The Future of Ransomware – Schneier on Security

Ransomware isn’t new, but it’s increasingly popular and profitable.
The lessons for users are obvious: Keep your system patches up to date and regularly backup your data. This isn’t just good advice to defend against ransomware, but good advice in general. 

But it’s becoming obsolete. Needed solutions aren’t easy and they’re not pretty. The market is not going to fix this unaided because security is a hard-to-evaluate feature against a possible future threat.

We need to assign liabilities to companies that write insecure software that harms people.

This all sounds politically impossible right now, but we simply cannot live in a future where everything can be held for ransom by criminals again and again.

1 Comment

  1. Tomi Engdahl says:

    John Leyden / The Register:
    Trend Micro: ransomware grew 752% in 2016 and generated $1B in revenue

    Feeling Locky, punk? Ransomware grew eight-fold last year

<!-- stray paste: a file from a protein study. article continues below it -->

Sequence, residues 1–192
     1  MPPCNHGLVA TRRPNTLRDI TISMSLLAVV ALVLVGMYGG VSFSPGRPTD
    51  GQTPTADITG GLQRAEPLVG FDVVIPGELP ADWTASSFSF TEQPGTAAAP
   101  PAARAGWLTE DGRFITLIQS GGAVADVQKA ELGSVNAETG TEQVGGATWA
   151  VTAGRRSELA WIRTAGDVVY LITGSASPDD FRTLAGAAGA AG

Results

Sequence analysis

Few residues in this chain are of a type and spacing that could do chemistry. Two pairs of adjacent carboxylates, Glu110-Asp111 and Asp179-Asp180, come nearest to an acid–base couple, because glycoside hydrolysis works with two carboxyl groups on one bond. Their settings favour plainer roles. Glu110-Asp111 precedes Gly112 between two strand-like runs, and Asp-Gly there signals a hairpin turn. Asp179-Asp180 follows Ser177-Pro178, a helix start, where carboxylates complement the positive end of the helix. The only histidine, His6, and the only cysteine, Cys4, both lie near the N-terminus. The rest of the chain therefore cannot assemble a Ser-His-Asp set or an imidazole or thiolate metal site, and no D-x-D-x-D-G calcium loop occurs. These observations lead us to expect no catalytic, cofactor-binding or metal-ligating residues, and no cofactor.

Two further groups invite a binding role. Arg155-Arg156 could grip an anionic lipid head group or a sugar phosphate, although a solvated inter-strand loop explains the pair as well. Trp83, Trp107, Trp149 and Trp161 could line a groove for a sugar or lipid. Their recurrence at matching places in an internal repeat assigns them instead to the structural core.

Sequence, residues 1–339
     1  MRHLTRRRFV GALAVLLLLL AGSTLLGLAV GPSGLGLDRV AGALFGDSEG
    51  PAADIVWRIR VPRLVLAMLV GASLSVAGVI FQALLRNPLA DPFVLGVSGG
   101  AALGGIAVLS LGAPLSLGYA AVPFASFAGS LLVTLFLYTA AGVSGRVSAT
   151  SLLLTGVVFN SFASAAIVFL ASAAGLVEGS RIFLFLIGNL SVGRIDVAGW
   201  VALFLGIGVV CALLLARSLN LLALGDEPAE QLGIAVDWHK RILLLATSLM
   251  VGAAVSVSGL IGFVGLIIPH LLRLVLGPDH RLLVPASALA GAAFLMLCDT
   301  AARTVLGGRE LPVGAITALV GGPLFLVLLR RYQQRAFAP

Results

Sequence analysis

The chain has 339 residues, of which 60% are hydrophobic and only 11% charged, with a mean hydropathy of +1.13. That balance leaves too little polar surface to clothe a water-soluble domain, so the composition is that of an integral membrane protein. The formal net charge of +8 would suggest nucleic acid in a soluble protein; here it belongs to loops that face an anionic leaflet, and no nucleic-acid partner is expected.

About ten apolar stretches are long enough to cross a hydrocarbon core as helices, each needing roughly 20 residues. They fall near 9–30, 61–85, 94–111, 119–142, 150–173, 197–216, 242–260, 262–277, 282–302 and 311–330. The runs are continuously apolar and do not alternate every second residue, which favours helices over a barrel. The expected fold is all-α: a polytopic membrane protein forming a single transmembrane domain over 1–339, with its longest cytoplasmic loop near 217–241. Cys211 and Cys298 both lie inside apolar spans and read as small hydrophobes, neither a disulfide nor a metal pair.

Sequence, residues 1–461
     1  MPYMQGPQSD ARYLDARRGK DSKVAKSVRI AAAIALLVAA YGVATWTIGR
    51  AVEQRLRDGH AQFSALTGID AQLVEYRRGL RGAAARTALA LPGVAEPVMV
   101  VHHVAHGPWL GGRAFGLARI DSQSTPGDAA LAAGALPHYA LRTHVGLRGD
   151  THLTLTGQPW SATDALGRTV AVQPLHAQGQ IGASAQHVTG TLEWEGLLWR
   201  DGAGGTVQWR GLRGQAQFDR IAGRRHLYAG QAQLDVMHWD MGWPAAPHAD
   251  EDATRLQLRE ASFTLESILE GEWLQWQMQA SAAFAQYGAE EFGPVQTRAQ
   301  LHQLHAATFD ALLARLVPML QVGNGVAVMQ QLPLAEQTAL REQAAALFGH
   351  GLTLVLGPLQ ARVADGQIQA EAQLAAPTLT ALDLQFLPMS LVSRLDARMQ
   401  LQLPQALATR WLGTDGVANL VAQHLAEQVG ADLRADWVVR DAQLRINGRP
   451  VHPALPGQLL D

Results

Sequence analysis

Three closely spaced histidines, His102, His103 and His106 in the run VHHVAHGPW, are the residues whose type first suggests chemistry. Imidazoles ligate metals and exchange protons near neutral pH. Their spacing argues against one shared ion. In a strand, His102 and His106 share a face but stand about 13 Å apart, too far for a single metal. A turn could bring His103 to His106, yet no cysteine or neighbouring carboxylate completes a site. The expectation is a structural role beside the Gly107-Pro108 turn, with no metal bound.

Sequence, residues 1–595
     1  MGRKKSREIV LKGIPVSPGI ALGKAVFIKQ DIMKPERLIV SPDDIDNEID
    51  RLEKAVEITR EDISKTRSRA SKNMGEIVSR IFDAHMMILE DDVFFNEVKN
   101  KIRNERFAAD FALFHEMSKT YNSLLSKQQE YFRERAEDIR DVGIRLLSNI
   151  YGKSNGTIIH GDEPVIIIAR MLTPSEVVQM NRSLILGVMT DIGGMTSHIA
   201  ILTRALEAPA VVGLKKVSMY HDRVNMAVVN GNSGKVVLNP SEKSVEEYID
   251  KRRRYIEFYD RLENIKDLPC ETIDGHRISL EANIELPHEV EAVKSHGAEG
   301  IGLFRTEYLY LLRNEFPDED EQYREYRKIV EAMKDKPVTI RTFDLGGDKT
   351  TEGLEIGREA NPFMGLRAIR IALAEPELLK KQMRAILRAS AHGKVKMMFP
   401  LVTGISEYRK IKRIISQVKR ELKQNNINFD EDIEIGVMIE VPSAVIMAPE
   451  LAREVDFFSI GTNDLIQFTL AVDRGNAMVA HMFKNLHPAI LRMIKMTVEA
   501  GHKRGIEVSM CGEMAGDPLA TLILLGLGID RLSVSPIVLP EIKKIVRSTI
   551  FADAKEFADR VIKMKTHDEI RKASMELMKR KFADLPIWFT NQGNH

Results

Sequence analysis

Days of future past

    Ransomware saw a more than eight-fold (752 per cent) increase as a mode of attack in 2016, according to Trend Micro.

    The infosec firm estimates file-scrambling malware families such as Locky and Goldeneye raked in $1 billion in 2016.

    2016 was the year when ransomware ruled, and this danger has been maintained by recent WannaCrypt attacks and the latest threat Eternal Rocks, which has no kill switch and continues to grow.

    Trend Micro’s report, Ransomware: Past, Present and Future (pdf), provides a useful overview of the history and evolution of ransomware, from its beginnings in Russia in 2005/6 to the growth of the ransomware-as-a-service (RaaS) business model.


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